If Insurance Reform Watch were about health-care reform, a doctor's opinion might be authoritative but it disclaims being about health-care reform. As far as insurance reform is concerned, Dr. Barrett is an interested layman with lots of anecdotes and some out-of-context research … much like an elementary schoolteacher discussing minor diseases.

Query: What if real quacks take Insurance Reform Watch to be an excuse to ignore criticism?

Sunday, September 13, 2009

An Epitaph for the Late Norman Borlaug

Whoever makes two ears of corn, or two blades of grass to grow where only one grew before, deserves better of mankind, and does more essential service to his country than the whole race of politicians put together.—Jonathan Swift

Saturday, September 12, 2009

Don't Have a Cow Man!

The latest dastardly Israeli activity has been invasion by cow:

Israeli cows guided by Israeli shepherds have been crossing the border in an act southerners are condemning as a violation of the country's sovereignty, especially since the cattle is being protected by the Israeli Army. The bovine "incursions" have even provoked Lebanese dogs that have now made it their mission to make the cows return where they came from.
The Other Side is going to milk this for all its worth. On the other hand, our honor is at steak!

Friday, September 11, 2009

A Frequently-Asked Question Finally Answered

What has Andrew Sullivan been smoking?

Also see this.

Oxycontin, by contrast, seems almost harmless.

Don't Call Them Death Panels

Call them death fence-posts. According to a commenter on Samizdata:

The problem is, they will outlaw almost everything while enforcing very little. Imprisonment by stealth. People will not know they are encircled until it is too late - like putting in all these very deep, robust fence-posts with no fence panels. All seems open. One day you will wake up and the panels are in, you are trapped and they can decide what law they wish to impose to nail whomsoever they desire.
The proposed advisory panels might not be death panels but they have the structure to support death panels. They will make it possible to institute death panels later that will be fully staffed from the start and ready to obey orders.

Wednesday, September 09, 2009

The Simplest Road to Success

The simplest road to success is to censor any news of failure. (That isn't what Thomas Friedman said, but it's the obvious conclusion.) Judging by the way China is trying to crack down on dissent, some disaster must be brewing there that they want to keep under cover.

I've covered this phenomenon before.

Monday, September 07, 2009

Another Moldbug

Mencius Moldbug isn't the only conservative who's fallen for rhe idea that history has always moved left. It looks like Rep. Michele Bachmann (seen via Dispatches from the Culture Wars) is another one:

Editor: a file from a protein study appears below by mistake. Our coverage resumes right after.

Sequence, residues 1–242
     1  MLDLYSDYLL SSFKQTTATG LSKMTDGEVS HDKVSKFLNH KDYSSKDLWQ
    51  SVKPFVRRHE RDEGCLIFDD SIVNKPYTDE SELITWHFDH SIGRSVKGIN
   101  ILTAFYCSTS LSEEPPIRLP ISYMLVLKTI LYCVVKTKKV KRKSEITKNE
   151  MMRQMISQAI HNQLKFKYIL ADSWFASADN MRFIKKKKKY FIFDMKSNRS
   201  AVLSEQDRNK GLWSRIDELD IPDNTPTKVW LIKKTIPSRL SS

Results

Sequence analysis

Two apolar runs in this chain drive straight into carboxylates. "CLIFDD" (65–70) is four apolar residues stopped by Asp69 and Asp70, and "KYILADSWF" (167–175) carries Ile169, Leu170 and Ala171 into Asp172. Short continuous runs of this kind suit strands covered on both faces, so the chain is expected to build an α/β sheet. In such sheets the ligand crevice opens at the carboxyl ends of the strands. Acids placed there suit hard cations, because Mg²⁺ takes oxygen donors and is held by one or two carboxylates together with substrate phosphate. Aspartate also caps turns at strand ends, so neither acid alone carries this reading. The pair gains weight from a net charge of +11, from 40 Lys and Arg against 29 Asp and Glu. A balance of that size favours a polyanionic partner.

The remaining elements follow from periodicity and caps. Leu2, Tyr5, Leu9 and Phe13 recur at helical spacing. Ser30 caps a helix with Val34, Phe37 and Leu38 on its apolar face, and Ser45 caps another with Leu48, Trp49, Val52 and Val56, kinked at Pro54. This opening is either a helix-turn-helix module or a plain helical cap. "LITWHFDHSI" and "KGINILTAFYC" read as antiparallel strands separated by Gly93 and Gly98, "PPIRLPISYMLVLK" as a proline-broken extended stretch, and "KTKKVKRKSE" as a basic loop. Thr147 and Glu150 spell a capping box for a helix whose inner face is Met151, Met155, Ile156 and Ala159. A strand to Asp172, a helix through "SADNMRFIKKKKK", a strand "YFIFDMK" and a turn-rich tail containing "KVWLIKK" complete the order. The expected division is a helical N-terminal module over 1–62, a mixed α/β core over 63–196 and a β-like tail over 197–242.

Moving to taxes, Bachmann said that for some Americans, the ratio of tax payments to earned income can reach 50 percent -- compared to 5 percent in 1950.

“Progressive” income tax rates were far higher in the 1950s than today.

On the other hand, that does not fit the standard left-wing dogma that history always moves left. Since Rep. Bachmann (R-idiculous) has apparently accepted that dogma, she believes that tax rates must have increased. (In case you're wondering, they haven't.)

ObSF: The Demolished Man by Alfred Bester, published in the 1950s, in which one of the characters was highly resentful of the confiscatory taxes levied on upper-income telepaths. It was another example of an attempted look at the future that soon became recognizable as a period piece.

Dynastic Politics and Dynastic Punditry

According to Glenn Greenwald, “It's time to embrace American royalty.” After looking at his examples, I realized that dynastic politics can be found across the political spectrum whereas dynastic punditry (for example, Bill Kristol, Tucker Carlson, John Podhoretz, Christopher Buckley, and Jonah Goldberg) tends to be found on the right. This might mean it's harder for someone to break into MSM punditry on the right side of the political spectrum but it's equally difficult for both sides to break into politics.

Meanwhile, Nate Silver posted a statistical analysis showing a decline in nepotism. This might mean it's easier to break into politics nowadays.

Saturday, September 05, 2009

Shorter Ronald Dworkin

Fully informed people will agree with me.

The next step, of course, is to assume that anybody who disagrees isn't fully informed. The step after that is to decide for them based on what they would have chosen only if they were Rational Like Us.

Example of Dynastic Politics

A few days ago, in a bus traveling along Saul Weprin Street in Queens, I noticed a poster advertising Mark Weprin for City Council.

Didn't we have a revolution to get away from rule by dynasties?

Thursday, September 03, 2009

A Possible Constitutional Amendment

Congress shall make no law … that they haven't read.

We might even go for a stronger version

Congress shall make no law … that a majority of the Congress cannot write out from memory.